Can low-income countries afford basic social security?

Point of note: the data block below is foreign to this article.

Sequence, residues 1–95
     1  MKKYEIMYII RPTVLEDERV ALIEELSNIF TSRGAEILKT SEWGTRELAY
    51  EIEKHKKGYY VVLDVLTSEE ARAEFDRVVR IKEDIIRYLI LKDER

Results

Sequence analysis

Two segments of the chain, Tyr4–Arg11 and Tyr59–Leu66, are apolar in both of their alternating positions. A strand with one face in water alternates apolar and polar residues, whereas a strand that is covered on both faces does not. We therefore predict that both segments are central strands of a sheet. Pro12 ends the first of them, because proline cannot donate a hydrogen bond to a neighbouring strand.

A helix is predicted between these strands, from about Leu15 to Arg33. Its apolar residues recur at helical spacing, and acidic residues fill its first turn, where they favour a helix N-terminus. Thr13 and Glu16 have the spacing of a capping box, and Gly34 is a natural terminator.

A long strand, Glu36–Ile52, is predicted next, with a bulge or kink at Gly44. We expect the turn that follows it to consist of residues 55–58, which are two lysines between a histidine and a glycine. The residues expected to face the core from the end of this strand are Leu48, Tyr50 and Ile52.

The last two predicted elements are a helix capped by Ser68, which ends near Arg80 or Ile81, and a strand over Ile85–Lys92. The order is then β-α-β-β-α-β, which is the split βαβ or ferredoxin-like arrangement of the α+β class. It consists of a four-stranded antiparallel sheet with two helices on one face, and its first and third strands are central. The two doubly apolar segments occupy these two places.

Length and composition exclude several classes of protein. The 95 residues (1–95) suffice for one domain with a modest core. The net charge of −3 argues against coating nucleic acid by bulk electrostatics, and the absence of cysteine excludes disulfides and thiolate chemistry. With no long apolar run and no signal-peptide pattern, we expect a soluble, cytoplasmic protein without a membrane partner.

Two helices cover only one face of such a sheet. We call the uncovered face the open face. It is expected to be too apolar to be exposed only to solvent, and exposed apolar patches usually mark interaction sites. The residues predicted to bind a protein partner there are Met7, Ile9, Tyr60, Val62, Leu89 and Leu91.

The evidence presented shows that low-income countries not only should but also can have social security systems that provide a basic package of health services to everybody, basic cash benefits to the elderly and to families with children and social assistance to a proportion of the unemployed. Even if a complete basic social protection package cannot be implemented at once, a sequential approach can generate immediate benefits in terms of poverty reduction, pro-poor growth and social development. A national forward-looking social protection strategy can help to sequence the implementation of various social programmes and policy instruments and ensure that these are integrated in broader development frameworks. As these countries achieve higher levels of economic development, their social security systems can also advance in parallel, extending the scope, level and quality of benefits and services provided.